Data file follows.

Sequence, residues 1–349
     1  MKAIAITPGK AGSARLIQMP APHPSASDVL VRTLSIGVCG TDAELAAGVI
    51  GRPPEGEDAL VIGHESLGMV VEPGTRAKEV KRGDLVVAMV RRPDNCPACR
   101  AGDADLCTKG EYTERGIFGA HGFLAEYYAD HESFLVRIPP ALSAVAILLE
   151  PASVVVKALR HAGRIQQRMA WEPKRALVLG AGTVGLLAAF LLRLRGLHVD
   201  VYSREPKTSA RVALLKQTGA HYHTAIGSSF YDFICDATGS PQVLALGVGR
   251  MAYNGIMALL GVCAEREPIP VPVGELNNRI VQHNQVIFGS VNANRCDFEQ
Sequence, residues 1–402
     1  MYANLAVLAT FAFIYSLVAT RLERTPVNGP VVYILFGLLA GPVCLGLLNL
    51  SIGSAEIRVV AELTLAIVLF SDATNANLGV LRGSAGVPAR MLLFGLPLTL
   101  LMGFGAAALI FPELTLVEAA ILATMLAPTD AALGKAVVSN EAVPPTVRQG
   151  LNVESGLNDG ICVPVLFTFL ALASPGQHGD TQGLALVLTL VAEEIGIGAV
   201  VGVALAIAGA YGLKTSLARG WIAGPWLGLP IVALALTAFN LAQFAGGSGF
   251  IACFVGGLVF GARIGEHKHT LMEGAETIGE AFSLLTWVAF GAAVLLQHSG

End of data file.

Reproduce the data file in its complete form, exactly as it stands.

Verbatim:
Sequence, residues 1–349
     1  MKAIAITPGK AGSARLIQMP APHPSASDVL VRTLSIGVCG TDAELAAGVI
    51  GRPPEGEDAL VIGHESLGMV VEPGTRAKEV KRGDLVVAMV RRPDNCPACR
   101  AGDADLCTKG EYTERGIFGA HGFLAEYYAD HESFLVRIPP ALSAVAILLE
   151  PASVVVKALR HAGRIQQRMA WEPKRALVLG AGTVGLLAAF LLRLRGLHVD
   201  VYSREPKTSA RVALLKQTGA HYHTAIGSSF YDFICDATGS PQVLALGVGR
   251  MAYNGIMALL GVCAEREPIP VPVGELNNRI VQHNQVIFGS VNANRCDFEQ
Sequence, residues 1–402
     1  MYANLAVLAT FAFIYSLVAT RLERTPVNGP VVYILFGLLA GPVCLGLLNL
    51  SIGSAEIRVV AELTLAIVLF SDATNANLGV LRGSAGVPAR MLLFGLPLTL
   101  LMGFGAAALI FPELTLVEAA ILATMLAPTD AALGKAVVSN EAVPPTVRQG
   151  LNVESGLNDG ICVPVLFTFL ALASPGQHGD TQGLALVLTL VAEEIGIGAV
   201  VGVALAIAGA YGLKTSLARG WIAGPWLGLP IVALALTAFN LAQFAGGSGF
   251  IACFVGGLVF GARIGEHKHT LMEGAETIGE AFSLLTWVAF GAAVLLQHSG